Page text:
One of our goals here at Speedhunters is to show car culture on a global scale, and the popularity of USDM and Spocom style in Japan is a great example of this. While JDM fanatics in the United States and elsewhere try to replicate car styling seen in Japan, a lot of Japanese enthusiasts are doing the opposite and converting their standard JDM vehicles into something that looks like it came straight out of Southern California. Last month, I went to the Mooneyes Street Car Nationals in Tokyo and the event gave me good chance see some different types of USDM-inspired car builds. As an American, I was highly impressed with the authenticity of the cars even if the style may not have been my cup of tea.
The USDM movement in Japan has a number of different subcultures, so let's take a quick look at some them. Of course, genuine imported American cars also have a strong following in Japan, but for this post we will just be dealing with Japanese-branded cars modified with a heavy American influence.
American-inspired JDM rides are not limited strictly to late model cars. Here we see a classic Mitsubishi Debonair sedan done in a traditional early '60s kustom style. The fender skirts, pinstriping, and paint work give this car an authentic vibe. It also helps that the original car's styling borrows a lot from its American counterparts. Mooneyes makes a number of parts and accessories that allow Japanese car owners to add some old school California-style flavor to their cars.
Other USDM fans like to build the cars to look like typical daily drivers you might see in the states. Popular modifications for this group include unpainted black bumpers and US-market corner lights and emblems. Front car bras are also a popular addition to these cars, though I don't recall seeing too many of these back in the states. Due to it's tremendous popularity and the United States, the Honda Civic is the most popular platform for this style. In Japan, older models like the EF Civic pictured above are a rare sight and this makes them stand out in the USDM scene.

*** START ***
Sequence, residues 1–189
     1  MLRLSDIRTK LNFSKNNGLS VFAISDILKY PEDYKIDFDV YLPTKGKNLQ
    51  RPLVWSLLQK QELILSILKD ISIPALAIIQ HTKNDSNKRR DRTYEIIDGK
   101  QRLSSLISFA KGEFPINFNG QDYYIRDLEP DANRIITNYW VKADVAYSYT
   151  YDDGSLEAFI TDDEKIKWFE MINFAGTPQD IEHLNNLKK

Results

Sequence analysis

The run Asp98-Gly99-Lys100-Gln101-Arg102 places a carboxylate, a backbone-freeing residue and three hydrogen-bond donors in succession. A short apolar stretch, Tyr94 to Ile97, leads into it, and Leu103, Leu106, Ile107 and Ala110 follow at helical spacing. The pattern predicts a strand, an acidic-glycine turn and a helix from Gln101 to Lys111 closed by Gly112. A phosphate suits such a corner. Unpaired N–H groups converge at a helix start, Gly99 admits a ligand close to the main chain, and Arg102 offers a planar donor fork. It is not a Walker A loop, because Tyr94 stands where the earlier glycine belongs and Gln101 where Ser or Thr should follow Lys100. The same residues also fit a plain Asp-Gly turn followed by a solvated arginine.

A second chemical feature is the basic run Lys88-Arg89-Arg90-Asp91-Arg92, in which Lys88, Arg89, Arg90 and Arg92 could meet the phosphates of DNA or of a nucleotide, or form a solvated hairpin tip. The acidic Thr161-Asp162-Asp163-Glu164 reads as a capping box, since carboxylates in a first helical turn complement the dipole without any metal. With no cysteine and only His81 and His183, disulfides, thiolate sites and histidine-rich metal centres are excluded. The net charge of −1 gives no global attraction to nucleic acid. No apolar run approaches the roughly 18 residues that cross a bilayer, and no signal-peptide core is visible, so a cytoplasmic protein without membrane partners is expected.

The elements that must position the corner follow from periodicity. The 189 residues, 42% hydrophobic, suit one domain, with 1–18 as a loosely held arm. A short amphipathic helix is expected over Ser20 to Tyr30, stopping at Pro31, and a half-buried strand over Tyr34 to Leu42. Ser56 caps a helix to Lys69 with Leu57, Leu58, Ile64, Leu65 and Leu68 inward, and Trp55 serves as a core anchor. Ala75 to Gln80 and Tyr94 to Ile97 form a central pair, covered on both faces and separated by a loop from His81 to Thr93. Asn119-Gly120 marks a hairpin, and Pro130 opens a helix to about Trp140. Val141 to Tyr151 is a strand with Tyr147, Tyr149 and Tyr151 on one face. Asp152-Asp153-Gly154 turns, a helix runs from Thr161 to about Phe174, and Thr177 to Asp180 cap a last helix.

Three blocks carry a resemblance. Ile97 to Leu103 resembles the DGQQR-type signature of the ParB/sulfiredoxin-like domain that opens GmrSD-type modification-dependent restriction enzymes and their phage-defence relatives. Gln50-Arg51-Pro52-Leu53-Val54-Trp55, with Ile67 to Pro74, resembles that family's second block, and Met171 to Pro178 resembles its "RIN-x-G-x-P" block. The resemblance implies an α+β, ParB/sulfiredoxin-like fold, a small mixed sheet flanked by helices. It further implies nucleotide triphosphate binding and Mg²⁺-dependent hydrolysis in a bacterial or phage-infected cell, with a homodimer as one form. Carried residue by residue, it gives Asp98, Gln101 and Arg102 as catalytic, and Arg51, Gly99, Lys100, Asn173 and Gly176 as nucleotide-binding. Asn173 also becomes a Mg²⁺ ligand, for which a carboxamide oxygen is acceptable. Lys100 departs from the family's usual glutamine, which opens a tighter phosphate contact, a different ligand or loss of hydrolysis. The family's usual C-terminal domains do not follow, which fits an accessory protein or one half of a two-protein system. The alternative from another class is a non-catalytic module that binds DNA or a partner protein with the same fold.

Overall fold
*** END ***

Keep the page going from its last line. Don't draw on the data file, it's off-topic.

The spocom cars are probably the best known USDM subculture. Japanese like to shorten foreign words, and the word "spocom" is a shortened version of the term "sport compact". This style has been around for a while and was originally inspired by the tuner show cars seen in the United States. These cars are often over the top and heavy on cosmetic work while being mechanically stock. The Civic on the right side of this photo is classic spocom style. Recently, as the wild tuner style cars have lost popularity in the states, some Japanese USDM enthusiasts have evolved their style as well. The newest trend is "USJDM" style. It's hard to explain, but it's basically Japanese copying the so-called "JDM look" that is now popular in the US. That make any sense? Probably not.
Japanese mini trucks are are very popular in the United States, but they are actually quite rare to see in Japan. For general use in Japan, tiny kei trucks and vans are much more popular than the standard small pickup truck. The people that do have mini trucks in Japan really love them, and there is a large custom mini truck scene here. Just like in the states, Japanese mini trucks feature air suspension and body drops, massive wheels, and wild paint. I noticed that a number of them are also sporting engine swaps like the Toyota 3SGE or Nissan SR20DET.
This Honda Inspire and Fit are of a subculture inspired by the urban style seen in Dub Magazine and others. Large chrome wheels and massive stereo systems are key features of these cars. There are a number of Japanese magazines for followers of this style.
Here is the ultimate in JDM and USDM fusion. A Honda Odyssey minivan with wide whitewalls, flames, and a tuck 'n roll interior. I love the fake sidepipes! This style has also been seen on cars like the Toyota bB and Nissan Cube. I think it would be cool to see Americans start borrowing from this look. At that point, the sharing of style between the Americans and the Japanese will have come full circle.